Why attorneys should avoid using scraped content on law firm websites
The best law firm website content is unique and adds significant value to the overall conversation about a particular legal topic. Copying and pasting content from elsewhere does not.
Google is on the lookout for various types of thin content and, as the company notes, there are cases in which the use of scraped content can constitute copyright infringement. Some attorneys might think taking content from elsewhere and placing it on their site is a quick solution to content creation, but it’s not worth losing the trust of the search engines (and your potential clients).
If you choose to use scraped content on your law firm’s website, it’s nearly impossible for a potential client to differentiate your firm from another firm with the same content. It’s important for potential clients to learn more about their case or matter from your website — but it’s also important for you to develop content that makes your law firm stand out from the crowd.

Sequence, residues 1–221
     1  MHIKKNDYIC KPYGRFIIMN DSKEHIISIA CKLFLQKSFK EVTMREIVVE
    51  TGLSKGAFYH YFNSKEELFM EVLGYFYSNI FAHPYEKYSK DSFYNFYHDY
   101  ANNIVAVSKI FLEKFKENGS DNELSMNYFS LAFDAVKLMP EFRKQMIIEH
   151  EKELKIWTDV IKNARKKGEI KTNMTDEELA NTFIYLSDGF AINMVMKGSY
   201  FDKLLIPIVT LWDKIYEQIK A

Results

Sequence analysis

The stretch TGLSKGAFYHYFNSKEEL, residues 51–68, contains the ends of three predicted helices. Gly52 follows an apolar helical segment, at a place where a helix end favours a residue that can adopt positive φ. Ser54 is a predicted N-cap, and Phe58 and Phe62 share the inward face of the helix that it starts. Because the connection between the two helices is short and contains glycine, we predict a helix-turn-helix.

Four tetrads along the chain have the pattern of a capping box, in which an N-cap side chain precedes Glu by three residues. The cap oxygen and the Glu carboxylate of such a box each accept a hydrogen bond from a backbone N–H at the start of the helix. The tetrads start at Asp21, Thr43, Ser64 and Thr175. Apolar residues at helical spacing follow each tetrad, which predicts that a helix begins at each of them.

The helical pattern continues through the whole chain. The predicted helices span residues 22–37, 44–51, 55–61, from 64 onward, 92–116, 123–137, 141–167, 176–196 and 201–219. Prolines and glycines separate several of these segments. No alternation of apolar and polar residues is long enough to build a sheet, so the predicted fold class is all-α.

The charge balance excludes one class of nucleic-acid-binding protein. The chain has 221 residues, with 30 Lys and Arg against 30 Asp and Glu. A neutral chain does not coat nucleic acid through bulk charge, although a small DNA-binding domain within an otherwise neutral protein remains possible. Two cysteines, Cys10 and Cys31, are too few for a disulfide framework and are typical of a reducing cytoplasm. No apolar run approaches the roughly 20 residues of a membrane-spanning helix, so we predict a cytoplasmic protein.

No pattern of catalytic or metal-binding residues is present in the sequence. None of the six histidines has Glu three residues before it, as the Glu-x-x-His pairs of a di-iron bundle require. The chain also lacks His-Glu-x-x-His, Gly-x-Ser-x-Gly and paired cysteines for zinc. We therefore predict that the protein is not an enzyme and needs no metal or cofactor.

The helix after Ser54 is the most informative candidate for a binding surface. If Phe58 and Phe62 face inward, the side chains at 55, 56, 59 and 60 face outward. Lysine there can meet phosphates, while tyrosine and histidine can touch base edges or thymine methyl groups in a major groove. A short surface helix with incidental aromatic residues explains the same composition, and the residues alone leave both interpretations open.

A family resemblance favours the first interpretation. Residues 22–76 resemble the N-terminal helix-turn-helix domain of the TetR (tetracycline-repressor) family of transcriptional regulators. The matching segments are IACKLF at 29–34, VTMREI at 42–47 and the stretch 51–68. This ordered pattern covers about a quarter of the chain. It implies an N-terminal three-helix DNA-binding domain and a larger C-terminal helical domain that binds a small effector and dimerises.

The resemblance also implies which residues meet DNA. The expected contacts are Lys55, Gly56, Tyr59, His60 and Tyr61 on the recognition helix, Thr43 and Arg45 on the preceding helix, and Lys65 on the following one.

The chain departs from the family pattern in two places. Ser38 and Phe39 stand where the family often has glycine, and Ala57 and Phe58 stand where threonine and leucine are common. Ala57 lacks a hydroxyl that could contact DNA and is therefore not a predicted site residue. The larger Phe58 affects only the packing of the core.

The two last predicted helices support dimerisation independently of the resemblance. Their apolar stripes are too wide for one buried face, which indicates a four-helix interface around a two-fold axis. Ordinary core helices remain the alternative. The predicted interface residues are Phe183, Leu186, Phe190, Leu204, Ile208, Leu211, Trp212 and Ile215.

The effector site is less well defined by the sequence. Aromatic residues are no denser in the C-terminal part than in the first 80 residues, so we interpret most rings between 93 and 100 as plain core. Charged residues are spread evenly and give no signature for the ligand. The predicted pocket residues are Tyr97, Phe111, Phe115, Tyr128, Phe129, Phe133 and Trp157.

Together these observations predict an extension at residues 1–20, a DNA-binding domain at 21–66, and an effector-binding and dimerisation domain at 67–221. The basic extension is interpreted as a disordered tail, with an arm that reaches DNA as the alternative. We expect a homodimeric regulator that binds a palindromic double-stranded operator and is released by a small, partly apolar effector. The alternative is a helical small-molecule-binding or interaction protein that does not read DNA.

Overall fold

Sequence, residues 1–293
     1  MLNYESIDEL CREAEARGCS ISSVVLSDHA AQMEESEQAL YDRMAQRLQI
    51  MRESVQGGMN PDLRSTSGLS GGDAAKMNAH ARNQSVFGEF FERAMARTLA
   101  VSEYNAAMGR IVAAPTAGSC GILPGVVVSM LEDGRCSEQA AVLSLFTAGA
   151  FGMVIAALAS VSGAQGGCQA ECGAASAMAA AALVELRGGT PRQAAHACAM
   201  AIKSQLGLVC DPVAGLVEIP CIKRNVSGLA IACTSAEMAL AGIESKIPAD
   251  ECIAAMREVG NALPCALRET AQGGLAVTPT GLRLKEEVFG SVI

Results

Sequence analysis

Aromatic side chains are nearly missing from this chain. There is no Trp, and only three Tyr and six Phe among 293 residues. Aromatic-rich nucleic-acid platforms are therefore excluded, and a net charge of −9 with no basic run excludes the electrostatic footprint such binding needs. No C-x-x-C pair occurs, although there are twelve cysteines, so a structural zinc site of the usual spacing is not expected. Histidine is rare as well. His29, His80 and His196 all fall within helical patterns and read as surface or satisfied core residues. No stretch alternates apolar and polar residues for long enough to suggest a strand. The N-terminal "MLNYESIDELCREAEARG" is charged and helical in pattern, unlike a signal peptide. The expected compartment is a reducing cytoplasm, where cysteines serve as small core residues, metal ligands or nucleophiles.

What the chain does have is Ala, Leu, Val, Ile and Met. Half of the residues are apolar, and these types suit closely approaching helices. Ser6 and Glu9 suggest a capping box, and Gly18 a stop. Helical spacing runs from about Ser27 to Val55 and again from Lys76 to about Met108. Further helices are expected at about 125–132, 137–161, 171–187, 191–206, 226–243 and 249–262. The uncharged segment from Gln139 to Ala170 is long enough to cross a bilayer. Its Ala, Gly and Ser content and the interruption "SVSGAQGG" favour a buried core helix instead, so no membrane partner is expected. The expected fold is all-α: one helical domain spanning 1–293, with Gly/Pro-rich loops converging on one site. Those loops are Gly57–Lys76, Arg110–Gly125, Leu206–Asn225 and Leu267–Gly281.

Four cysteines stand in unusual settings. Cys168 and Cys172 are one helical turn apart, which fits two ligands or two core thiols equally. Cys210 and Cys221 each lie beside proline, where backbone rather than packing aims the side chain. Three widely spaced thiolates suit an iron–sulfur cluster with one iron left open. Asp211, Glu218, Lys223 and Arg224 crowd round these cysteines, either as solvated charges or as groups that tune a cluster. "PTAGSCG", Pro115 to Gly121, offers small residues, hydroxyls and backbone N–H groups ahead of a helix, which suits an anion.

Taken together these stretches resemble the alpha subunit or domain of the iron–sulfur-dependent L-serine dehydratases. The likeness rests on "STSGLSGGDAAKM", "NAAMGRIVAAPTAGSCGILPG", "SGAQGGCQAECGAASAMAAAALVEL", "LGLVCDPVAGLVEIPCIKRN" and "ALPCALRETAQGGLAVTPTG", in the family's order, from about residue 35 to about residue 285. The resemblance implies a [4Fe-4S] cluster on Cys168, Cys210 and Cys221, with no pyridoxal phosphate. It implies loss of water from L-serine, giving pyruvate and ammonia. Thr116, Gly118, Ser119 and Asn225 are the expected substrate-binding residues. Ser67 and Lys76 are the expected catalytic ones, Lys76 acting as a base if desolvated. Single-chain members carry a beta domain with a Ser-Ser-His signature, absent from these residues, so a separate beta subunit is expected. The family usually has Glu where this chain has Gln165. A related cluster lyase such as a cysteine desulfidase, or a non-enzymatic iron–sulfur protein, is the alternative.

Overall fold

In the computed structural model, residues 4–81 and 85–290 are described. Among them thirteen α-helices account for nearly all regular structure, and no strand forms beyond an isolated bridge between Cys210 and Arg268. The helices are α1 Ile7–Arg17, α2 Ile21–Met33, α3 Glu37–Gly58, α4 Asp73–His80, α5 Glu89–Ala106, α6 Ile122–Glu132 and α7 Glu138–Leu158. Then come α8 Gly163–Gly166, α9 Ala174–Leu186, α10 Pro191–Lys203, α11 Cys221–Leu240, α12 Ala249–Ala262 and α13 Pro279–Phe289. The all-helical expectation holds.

As Google notes, “It’s worthwhile to take the time to create original content that sets your site apart. This will keep your visitors coming back and will provide more useful results for users searching on Google.”
SEO is easy for lawyers when you stop trying to trick Google and instead focus on creating content that resonates with your potential clients and clients. Request a demo of the LawLytics platform to see how easy and risk free it can be.